Big Team Farms––a new economic model?
New Down to Earth episode! If you’re a regular listener to this show you probably know the problems with industrial agriculture, like overuse of toxic chemicals, inhumane treatment of animals, destruction of soil, labor and public health issues. Journalist Sarah Mock offers us another model – what she calls Big Team Farms. We talk about this model and what problems it could solve if implemented well. Sarah is an agricultural journalist, and the author of two books, including Farm (and Other F Words), and her most recent, Big Team Farms.
Catch Sarah as a keynote speaker at this fall’s Regenerate Conference in Denver.
2’34 growing up on a farm in Wyoming, trying to go into international relations, pivoting to agriculture journalism
6’35 most farms in the US are family farms
7’36 the limitations of family farms––everything from family conflicts to the pressure to do extractive practices
13’32 the labor problem of family farms––if you want to do regenerative agriculture at a high level, you need labor, but there’s often not enough money to pay them enough
17’50 defining “Big Team Farms” in contrast to family farms, and what problems this model is trying to solve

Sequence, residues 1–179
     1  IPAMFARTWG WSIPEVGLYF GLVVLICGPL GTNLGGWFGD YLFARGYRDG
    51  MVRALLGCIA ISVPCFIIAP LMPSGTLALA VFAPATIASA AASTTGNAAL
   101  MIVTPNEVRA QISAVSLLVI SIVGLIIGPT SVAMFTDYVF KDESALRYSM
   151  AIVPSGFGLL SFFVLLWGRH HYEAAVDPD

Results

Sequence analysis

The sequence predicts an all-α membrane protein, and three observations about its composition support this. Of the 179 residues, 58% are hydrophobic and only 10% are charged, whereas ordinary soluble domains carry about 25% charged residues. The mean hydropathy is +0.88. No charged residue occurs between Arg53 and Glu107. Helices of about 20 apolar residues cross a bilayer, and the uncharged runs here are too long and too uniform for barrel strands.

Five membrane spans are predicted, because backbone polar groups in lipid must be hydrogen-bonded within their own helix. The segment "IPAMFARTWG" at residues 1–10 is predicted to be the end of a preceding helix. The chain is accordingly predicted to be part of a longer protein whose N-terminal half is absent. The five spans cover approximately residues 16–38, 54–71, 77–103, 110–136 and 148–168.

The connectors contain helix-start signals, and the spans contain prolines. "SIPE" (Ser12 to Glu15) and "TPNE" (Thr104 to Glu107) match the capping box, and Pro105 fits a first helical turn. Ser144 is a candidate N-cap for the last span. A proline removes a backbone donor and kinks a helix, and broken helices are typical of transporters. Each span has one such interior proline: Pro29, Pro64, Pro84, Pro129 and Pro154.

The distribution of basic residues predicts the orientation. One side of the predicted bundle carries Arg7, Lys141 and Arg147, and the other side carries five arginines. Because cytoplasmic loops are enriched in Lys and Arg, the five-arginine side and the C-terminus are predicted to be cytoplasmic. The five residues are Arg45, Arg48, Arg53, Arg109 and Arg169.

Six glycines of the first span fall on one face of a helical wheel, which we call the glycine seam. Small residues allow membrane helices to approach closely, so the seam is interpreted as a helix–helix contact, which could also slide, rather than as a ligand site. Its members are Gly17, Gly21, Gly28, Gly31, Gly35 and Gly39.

20’34 some examples of big team farms and new ownership models
25’02 the employee ownership model
26’36 when you have a business, make sure there’s always an exit plan
28’00 different strategies for dealing with legacies for your children if you turn your farm into a multi-owner partnership
34’24 does the big team farm model benefit laborers?
37’33 big team farms and regenerative agriculture
39’57 resisting “maximization”
46’18 the minimal role of consumer demand as a change mechanism
50’11 policies that could improve the food system––that’s also very difficult, as USDA has always been about promoting big ag
53’22 commodity payments should be tied to regenerative agriculture practices
55’57 Sarah’s own experience of a big team farm falling apart
59’36 we don’t’ know if the big team farm model will work, but it’s the best one Sarah has come across
Both big ag and small family farms have their problems…but what’s the alternative? We talk with agricultural journalist Sarah Mock about the some possible models.
Linda and Larry Faillace imported milk sheep following USDA guidelines and started a cheese making business in Vermont––only to have their animals confiscated and killed by the USDA under the pretext of a disease that sheep don’t get. Listen to find out why.
New Mexico Congresswoman Teresa Leger Fernandez is working not only to help the people and businesses affected by fires and floods, but also to build back land that is more resilient. All of which is easier said than done.